Researchers took dogs and put them in harnesses. The control group was simply harnessed and later released. The other two groups were harnessed and subjected to electric shocks. One of those groups could stop the shocks by stepping on a lever, the other group had no control. After the experiment, the group that had control recovered quickly, while the other group exhibited symptoms similar to chronic clinical depression.

Those same groups of dogs were put into a shuttle box apparatus where they could escape the shocks if they jumped over a small partition. For the most part, the last group of dogs who had previously "learned" that they had no control over their fate, just lay down and passively whined. They didn't even try to escape the shocks.

Another study involved rats. Rats were restrained until they gave up struggling and went limp. Those rats and a control group that had not been restrained were put in ice water. The restrained rats didn't even try to swim. The rats that had not been restrained, swam for hours.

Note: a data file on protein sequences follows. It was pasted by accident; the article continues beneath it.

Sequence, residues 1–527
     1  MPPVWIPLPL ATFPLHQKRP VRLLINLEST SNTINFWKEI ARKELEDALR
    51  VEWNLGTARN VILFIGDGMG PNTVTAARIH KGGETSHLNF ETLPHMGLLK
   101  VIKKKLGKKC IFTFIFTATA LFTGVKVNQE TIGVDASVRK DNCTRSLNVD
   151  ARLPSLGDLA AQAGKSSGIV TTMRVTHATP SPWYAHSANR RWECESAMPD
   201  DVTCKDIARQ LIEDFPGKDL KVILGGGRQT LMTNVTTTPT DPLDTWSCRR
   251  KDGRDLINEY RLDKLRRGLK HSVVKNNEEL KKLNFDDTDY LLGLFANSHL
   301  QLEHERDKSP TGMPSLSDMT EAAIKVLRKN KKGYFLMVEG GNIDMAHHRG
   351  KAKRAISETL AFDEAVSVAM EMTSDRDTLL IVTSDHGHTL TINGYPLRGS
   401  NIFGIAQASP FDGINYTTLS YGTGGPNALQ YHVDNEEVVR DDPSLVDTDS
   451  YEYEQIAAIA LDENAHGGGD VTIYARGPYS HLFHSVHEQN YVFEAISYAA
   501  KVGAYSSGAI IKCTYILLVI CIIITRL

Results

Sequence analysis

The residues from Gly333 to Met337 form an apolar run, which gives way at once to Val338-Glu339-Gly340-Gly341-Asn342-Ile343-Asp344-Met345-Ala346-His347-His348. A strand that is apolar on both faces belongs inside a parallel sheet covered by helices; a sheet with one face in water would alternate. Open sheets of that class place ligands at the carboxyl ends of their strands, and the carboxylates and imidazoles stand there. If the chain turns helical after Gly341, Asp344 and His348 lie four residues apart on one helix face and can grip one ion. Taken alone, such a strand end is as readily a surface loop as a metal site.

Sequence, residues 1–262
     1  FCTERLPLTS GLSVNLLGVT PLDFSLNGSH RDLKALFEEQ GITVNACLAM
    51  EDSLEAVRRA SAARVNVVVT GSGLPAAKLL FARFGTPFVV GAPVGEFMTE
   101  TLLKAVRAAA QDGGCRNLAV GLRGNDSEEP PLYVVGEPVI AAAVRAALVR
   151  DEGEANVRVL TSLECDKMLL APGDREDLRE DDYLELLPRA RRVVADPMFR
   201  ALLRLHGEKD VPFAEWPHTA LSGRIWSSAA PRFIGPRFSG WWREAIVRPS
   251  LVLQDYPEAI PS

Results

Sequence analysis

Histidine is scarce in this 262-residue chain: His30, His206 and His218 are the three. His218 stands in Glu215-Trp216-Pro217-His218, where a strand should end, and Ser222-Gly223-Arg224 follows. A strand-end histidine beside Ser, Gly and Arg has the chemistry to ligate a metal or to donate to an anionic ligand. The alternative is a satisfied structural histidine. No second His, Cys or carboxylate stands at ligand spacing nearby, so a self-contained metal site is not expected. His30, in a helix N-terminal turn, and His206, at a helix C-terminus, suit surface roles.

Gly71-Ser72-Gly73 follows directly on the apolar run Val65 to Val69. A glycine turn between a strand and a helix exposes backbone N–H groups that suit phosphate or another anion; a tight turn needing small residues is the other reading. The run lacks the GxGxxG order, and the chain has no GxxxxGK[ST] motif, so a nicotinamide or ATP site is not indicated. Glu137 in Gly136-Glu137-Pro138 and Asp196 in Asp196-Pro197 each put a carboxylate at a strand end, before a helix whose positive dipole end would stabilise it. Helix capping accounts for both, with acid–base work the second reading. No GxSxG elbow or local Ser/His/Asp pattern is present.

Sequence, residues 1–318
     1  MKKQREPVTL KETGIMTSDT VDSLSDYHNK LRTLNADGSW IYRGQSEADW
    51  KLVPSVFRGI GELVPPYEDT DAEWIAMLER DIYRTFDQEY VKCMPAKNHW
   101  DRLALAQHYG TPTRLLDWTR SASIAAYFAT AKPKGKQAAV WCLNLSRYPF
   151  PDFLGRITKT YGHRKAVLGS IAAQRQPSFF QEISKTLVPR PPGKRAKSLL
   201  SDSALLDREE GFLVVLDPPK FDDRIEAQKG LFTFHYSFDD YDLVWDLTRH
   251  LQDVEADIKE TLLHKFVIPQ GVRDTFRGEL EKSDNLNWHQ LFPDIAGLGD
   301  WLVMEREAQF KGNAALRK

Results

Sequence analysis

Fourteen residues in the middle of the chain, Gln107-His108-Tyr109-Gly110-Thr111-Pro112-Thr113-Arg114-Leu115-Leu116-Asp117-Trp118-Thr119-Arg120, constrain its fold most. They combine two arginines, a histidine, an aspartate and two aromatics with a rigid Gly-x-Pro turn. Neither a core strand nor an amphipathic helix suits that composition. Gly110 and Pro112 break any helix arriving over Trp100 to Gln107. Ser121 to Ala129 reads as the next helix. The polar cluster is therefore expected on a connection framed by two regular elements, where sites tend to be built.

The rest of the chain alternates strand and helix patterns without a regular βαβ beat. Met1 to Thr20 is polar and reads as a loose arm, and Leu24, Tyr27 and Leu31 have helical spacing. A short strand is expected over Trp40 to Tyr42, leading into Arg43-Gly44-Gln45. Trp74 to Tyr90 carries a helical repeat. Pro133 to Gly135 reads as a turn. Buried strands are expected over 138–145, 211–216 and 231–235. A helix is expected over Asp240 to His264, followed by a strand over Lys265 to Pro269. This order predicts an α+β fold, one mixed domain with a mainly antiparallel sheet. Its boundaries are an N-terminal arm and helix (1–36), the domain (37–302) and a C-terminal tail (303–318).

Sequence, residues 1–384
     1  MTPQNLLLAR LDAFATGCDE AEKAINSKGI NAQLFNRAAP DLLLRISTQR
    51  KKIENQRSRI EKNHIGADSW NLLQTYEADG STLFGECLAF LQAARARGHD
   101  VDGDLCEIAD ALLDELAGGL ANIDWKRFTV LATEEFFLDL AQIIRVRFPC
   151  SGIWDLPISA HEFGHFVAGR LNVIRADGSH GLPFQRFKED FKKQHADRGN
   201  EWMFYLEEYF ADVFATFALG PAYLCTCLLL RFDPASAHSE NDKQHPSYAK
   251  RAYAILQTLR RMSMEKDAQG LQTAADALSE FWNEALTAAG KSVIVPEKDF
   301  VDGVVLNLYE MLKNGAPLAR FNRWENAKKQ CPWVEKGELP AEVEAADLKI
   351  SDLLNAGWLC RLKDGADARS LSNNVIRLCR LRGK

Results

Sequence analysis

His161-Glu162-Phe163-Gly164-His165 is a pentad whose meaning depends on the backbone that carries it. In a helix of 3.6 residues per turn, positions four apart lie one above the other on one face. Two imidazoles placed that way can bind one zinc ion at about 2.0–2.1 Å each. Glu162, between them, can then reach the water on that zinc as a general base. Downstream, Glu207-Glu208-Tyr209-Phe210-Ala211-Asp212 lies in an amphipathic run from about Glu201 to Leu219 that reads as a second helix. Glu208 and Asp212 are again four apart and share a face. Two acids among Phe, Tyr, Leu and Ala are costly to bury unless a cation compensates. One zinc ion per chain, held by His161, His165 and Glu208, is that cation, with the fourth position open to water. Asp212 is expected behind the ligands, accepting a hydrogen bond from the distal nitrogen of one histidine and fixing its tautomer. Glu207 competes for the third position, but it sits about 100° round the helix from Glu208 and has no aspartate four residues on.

I felt that way in October of 2003. I had learned helplessness. It was actually a spark of anger at a psychiatrist that drove me to the library to learn how to live well with chronic illness. (Truth be told, it was less of a spark and more of an explosion!)

Langer goes on to write, "Why try to help ourselves if we have a disease that's uncontrollable? There wouldn't be much point. Remember, virtually every disease medicine has conqured was at one time thought to be uncontrollable, and again, it took someone to think it indeterminate to find out how to conquer it."

Friday, April 6, 2012

A Lesson from the Crud

I got the crud. I thought I wouldn't get sick, but I did. With the lupus well controlled and lots of good self-management tools in my tool box, I have managed to stay very healthy over all. But Monday night, that familiar clammy feeling and irritation in my throat heralded the arrival of the crud. (People don't seem to use the word crud much anymore. I think we should bring it back!)